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Fertility, education and social mobility in 20th century Colombia

Jaramillo-Echeverri, Juliana (2023) Fertility, education and social mobility in 20th century Colombia. PhD thesis, London School of Economics and Political Science.

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Identification Number: 10.21953/lse.00004476


The main objective of this thesis is to contribute to our understanding of the fertility transition, the unequal opportunities in access to education and the long-term persistence of social status in twentieth-century Colombia. The thesis has two parts. The first part presents a detailed empirical perspective of the rapid Colombian fertility decline including results at the national, sub-national and individual-level. Using full individual-level census data, the results show that before the fertility transition fertility norms differed in the country because of the different historical legacies. But by 1964 fertility started falling simultaneously across all regions and fertility halved almost everywhere in only 25 years; the only exception was the indigenous communities that did not undergo a fertility decline during this period. This sudden decline suggests that a technological or cultural shock could explain the decline. However, the findings confirm that knowledge and access to family planning did not bring about a faster fertility decline. I provide new stylised facts for the long-run relationship between female education and fertility. At the individual level, the relationship between education and fertility holds strongly. However, at the national and sub-national level, fertility decline cannot be explained by the direct effects of education as fertility fell continuously in all educational groups since 1965. The second part of this thesis provides new evidence on the unequal access to education and presents a long-term view of social mobility using surname-based methods. The results show that contemporary patterns of social exclusion in education are rooted in the colonial past. However, the long-term effects of the colonial past have been uneven. While the historical elite reinvented itself, and some have been slowly losing their elite status, indigenous and Afro-Colombians have been trapped with scarce possibilities to move upward. The results also reveal low social mobility and a segregated marriage market with high levels of homogamy at the top and the bottom of the social ladder.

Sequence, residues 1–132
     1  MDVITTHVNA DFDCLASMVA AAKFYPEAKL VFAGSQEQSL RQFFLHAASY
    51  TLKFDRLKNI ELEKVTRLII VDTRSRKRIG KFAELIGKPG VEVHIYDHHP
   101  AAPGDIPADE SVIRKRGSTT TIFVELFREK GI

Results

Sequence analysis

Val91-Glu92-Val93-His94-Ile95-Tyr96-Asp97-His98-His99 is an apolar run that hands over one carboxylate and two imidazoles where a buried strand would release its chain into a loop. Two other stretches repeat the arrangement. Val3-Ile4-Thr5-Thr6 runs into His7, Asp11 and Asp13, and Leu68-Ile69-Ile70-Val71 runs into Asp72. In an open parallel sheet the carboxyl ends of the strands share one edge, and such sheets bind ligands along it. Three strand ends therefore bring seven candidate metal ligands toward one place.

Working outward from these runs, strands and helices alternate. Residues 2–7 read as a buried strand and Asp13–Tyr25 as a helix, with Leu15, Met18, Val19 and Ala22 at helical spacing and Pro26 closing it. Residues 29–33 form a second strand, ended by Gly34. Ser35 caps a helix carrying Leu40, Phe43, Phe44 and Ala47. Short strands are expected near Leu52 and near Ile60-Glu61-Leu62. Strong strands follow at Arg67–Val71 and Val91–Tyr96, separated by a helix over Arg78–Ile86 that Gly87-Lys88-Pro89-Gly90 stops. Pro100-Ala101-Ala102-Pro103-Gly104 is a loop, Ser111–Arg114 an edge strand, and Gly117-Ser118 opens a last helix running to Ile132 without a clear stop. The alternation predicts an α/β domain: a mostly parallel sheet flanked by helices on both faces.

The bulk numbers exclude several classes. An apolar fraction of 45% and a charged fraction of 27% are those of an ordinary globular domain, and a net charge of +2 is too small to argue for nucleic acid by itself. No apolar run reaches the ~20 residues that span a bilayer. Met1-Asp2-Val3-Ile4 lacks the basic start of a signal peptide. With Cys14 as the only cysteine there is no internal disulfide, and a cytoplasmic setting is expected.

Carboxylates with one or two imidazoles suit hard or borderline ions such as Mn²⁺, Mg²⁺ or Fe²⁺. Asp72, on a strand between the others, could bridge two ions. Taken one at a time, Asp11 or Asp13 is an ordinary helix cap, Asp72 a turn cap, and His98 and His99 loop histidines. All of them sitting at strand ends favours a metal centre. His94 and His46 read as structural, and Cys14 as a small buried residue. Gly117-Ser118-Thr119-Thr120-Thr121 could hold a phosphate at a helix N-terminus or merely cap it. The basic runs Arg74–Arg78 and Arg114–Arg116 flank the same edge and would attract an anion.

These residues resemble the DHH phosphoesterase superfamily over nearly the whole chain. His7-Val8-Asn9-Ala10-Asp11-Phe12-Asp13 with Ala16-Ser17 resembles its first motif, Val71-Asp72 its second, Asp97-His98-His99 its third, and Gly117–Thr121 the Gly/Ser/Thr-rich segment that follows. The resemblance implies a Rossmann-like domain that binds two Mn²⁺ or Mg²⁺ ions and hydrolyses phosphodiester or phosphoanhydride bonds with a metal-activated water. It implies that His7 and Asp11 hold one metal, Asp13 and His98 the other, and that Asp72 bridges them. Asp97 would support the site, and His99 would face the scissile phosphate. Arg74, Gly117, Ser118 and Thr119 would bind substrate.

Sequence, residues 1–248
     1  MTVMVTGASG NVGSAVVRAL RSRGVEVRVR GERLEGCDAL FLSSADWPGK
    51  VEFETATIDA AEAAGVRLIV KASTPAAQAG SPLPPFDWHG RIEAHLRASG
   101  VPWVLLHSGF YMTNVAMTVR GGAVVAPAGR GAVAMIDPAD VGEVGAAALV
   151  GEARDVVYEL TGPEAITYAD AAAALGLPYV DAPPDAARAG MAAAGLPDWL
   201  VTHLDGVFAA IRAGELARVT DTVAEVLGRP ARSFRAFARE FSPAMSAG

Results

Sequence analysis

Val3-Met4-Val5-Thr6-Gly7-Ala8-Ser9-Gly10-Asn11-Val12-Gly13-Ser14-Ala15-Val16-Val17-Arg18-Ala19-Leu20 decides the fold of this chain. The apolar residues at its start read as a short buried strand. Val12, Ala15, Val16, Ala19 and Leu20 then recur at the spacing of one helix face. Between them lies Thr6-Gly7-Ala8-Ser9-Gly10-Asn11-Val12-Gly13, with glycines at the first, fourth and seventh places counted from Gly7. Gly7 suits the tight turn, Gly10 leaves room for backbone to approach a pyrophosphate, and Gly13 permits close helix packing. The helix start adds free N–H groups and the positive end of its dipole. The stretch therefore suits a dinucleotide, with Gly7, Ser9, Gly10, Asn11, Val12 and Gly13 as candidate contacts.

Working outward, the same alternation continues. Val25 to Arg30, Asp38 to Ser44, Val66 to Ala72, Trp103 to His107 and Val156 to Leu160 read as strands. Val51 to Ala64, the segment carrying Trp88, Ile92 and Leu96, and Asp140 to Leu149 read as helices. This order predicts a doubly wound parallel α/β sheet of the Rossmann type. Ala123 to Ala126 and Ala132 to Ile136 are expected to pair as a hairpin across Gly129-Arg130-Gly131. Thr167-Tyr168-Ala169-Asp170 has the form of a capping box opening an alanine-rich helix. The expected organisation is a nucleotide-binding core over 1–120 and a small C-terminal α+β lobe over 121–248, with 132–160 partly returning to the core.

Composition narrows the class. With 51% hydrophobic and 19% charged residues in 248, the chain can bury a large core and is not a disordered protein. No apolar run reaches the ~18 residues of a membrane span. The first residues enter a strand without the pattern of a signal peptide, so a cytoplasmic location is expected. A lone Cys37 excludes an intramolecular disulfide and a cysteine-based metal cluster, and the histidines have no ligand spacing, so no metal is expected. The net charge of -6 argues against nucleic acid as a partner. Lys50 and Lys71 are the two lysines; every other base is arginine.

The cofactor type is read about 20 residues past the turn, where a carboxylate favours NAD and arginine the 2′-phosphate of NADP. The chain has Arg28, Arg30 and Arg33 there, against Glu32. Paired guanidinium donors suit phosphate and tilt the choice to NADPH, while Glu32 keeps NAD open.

Item Type: Thesis (PhD)
Additional Information: © 2023 Juliana Jaramillo-Echeverri
Library of Congress subject classification: H Social Sciences > HC Economic History and Conditions
H Social Sciences > HQ The family. Marriage. Woman
L Education > L Education (General)
Sets: Departments > Economic History
Supervisor: Cummins, Neil and Schneider, Eric B.

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